By Chris Jennings
Waterfowl season is under way across Alberta, and with good wetland conditions this spring across much of the province’s prairie region, waterfowl production appears to have been good, which should result in another solid fall flight.
“We hunted the opener Saturday and saw good numbers of birds,” says Ron Maher, Ducks Unlimited Canada’s (DUC) manager of provincial operations in Alberta. “We had a protracted hatch, and there are still a lot of young birds around. We did see large flocks of pintails in some fields, which is typical for this time of year.”
Maher explains that dry weather over the summer has reduced the abundance of wetland habitat on the landscape. Many of the ephemeral and semi-permanent wetlands have gone dry, leaving the larger wetlands to support staging waterfowl.
“The timing of the harvest and the migration dictate hunting success around here, and the harvest is only about a third complete,” Maher says. “As for the migration, it’s close to normal. We still have lots of blue-winged teal and young mallards. We saw good numbers of specks, which is a little early. We aren’t a big diver producer, so we haven’t seen any divers yet. We have a couple of weeks until the scaup and canvasbacks arrive.”
Dr. Fritz Reid, Ducks Unlimited Inc.’s director of conservation programs in the Western Region, is currently hunting farther north in the parklands of central Alberta.
“This area seems to have had good production, and while the water is in decent shape now, the wetlands may need to be recharged by significant winter snowfall,” Reid says. “We are focusing on field shoots in pea, barley, and wheat fields and seeing fantastic numbers of mallards, teal, and pintails.”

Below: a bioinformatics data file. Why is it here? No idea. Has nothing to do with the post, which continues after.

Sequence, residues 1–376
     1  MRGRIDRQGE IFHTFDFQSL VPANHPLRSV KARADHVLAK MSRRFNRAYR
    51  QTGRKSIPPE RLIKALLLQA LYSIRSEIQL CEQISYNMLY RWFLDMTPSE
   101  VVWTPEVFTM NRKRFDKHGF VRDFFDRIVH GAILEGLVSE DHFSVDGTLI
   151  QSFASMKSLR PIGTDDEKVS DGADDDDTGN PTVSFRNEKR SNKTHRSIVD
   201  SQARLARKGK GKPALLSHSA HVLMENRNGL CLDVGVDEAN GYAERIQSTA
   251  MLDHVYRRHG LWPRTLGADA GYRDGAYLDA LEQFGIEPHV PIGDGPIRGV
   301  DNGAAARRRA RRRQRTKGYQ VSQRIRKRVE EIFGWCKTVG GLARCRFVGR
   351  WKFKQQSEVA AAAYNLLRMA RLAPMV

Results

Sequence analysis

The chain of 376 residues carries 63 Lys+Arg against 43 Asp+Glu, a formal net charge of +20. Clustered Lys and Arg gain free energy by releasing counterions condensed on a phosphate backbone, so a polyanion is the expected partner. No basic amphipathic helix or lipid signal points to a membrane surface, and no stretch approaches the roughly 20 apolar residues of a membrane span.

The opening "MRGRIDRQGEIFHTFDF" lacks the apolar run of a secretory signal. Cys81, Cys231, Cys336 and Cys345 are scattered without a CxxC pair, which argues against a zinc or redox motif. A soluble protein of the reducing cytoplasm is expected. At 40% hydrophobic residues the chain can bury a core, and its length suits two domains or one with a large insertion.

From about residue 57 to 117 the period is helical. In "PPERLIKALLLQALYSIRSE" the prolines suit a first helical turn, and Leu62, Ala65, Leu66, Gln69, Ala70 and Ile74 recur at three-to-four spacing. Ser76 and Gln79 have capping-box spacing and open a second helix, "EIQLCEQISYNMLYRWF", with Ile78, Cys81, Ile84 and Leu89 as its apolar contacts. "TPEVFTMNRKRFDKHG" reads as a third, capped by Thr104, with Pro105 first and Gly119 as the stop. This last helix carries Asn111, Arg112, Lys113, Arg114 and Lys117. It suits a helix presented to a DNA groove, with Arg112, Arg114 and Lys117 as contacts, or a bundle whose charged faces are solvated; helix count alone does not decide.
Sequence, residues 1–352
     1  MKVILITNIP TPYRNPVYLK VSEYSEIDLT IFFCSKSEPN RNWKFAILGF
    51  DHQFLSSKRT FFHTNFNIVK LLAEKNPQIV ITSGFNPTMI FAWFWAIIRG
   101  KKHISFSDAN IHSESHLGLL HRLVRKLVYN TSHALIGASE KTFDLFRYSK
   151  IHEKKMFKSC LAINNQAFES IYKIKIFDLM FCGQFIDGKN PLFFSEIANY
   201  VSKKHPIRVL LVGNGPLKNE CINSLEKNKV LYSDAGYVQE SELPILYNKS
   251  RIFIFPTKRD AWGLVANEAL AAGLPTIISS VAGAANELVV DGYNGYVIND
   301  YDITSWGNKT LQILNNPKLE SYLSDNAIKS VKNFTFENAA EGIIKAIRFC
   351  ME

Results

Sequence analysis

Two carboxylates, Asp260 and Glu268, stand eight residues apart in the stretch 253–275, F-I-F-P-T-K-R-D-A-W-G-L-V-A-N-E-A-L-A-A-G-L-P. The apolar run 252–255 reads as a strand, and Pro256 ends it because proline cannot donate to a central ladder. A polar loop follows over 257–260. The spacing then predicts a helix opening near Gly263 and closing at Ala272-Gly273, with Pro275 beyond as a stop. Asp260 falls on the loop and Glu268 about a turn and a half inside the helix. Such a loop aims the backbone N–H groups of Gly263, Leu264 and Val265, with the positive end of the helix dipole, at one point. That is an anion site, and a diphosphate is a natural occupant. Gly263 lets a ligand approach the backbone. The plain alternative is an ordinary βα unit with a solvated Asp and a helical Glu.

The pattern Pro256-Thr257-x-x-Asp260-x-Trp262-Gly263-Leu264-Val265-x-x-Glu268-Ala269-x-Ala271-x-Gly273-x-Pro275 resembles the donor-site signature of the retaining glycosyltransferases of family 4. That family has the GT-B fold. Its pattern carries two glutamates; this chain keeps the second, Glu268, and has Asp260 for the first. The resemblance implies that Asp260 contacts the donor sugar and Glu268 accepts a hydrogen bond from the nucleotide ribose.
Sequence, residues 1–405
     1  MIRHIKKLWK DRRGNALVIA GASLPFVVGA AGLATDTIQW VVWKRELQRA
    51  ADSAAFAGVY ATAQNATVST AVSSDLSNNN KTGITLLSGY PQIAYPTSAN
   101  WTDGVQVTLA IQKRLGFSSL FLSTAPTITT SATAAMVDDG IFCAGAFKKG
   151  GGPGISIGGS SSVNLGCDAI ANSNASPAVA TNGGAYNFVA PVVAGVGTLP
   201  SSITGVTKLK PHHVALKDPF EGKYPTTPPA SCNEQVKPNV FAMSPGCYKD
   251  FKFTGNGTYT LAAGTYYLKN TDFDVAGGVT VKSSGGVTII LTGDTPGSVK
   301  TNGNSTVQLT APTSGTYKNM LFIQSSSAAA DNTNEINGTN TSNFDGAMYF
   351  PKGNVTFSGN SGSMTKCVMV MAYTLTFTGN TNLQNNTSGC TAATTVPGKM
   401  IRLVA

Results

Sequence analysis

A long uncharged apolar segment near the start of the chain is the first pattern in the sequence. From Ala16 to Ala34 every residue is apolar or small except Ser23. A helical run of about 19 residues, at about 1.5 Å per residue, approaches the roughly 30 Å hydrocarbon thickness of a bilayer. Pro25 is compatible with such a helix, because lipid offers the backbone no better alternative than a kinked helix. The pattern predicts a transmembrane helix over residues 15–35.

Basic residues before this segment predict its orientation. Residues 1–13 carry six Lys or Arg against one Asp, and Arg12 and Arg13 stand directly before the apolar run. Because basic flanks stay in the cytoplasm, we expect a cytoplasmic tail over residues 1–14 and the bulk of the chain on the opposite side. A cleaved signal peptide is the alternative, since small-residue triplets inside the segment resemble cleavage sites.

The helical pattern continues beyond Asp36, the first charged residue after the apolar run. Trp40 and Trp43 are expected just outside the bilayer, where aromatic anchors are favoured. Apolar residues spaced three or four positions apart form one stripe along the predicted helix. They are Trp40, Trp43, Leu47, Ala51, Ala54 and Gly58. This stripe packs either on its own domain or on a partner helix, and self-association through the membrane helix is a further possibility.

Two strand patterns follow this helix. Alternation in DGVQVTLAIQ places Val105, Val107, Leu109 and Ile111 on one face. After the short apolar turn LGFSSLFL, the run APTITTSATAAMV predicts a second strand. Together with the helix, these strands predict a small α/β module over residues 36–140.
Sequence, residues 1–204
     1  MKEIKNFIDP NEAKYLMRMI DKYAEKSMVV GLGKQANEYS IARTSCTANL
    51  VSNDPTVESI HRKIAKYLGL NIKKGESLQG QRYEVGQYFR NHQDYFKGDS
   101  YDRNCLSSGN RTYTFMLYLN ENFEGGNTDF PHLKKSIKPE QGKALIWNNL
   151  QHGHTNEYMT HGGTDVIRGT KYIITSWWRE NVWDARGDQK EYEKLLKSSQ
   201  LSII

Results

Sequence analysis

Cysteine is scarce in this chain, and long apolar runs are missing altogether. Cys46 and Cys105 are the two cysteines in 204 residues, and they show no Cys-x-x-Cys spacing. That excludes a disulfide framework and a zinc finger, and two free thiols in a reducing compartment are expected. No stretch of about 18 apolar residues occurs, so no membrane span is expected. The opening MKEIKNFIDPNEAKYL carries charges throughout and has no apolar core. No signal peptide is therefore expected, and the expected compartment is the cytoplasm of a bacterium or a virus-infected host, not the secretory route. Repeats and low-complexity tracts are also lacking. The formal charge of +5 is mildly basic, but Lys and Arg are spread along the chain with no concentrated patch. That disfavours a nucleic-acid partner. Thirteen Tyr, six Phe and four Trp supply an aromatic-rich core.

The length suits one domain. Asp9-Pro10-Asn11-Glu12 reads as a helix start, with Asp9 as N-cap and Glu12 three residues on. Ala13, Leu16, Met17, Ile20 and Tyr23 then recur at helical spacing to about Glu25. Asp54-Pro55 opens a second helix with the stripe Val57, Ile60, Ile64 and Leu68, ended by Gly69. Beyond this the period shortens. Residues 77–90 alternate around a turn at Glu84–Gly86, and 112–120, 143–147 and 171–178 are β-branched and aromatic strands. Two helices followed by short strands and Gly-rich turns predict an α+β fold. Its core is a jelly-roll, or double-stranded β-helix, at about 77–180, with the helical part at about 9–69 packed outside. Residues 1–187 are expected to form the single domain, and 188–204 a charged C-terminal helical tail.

Reid says that a big surprise this week has been an abundance of juvenile pintails in the area, which indicates that the birds had good production, at least locally. Another surprise are the snow goose numbers.
“We are seeing big concentrations of snow geese, which seems to be much earlier than normal. We always see a few small flocks of Ross’s geese, but these are snows,” Reid says. “We are doing very well on whitefronts, but they are mainly adult birds. These birds may be a tad early, but it is a sign that we are in the first stages of migration.”
Reid notes that hunters coming up to the Alberta parklands in the coming weeks should expect to find suitable conditions and decent bird numbers.
“All of the peas are harvested and about half of the wheat and barley is harvested,” Reid says. “It’s an average to wet year, and there should be plenty of places for the birds to settle down. The birds are spread out, which is good because hunters will be able to work smaller flocks. It’s not like drought years where it’s all big flocks.”
Reid was in the Northwest Territories last week and reports that habitat and brood production looked solid in the Boreal region.
“There appears to have been a strong late nesting effort,” Reid says. “We saw pintails, greenwings, and wigeon with young broods, some of which had very young broods. The Yukon and western Alaska were cool and wet with very few fires. Those are favorable conditions for Boreal breeding ducks.”
Maher expects another good year for waterfowlers in Alberta but confirms Reid’s assessment that wetlands in the province will need more moisture from fall precipitation and winter snowfall to be in good shape next spring.
“For hunters coming to Alberta this fall, my advice is to be adaptable, mobile, and follow the birds. If you’re planning to hunt fields, bring equipment to hunt water as well, as there could be some good opportunities,” Maher says. “It’s great for DU members to come up here this time of year and witness the benefits of the conservation work that’s being done on the landscape by DU and its partners.”
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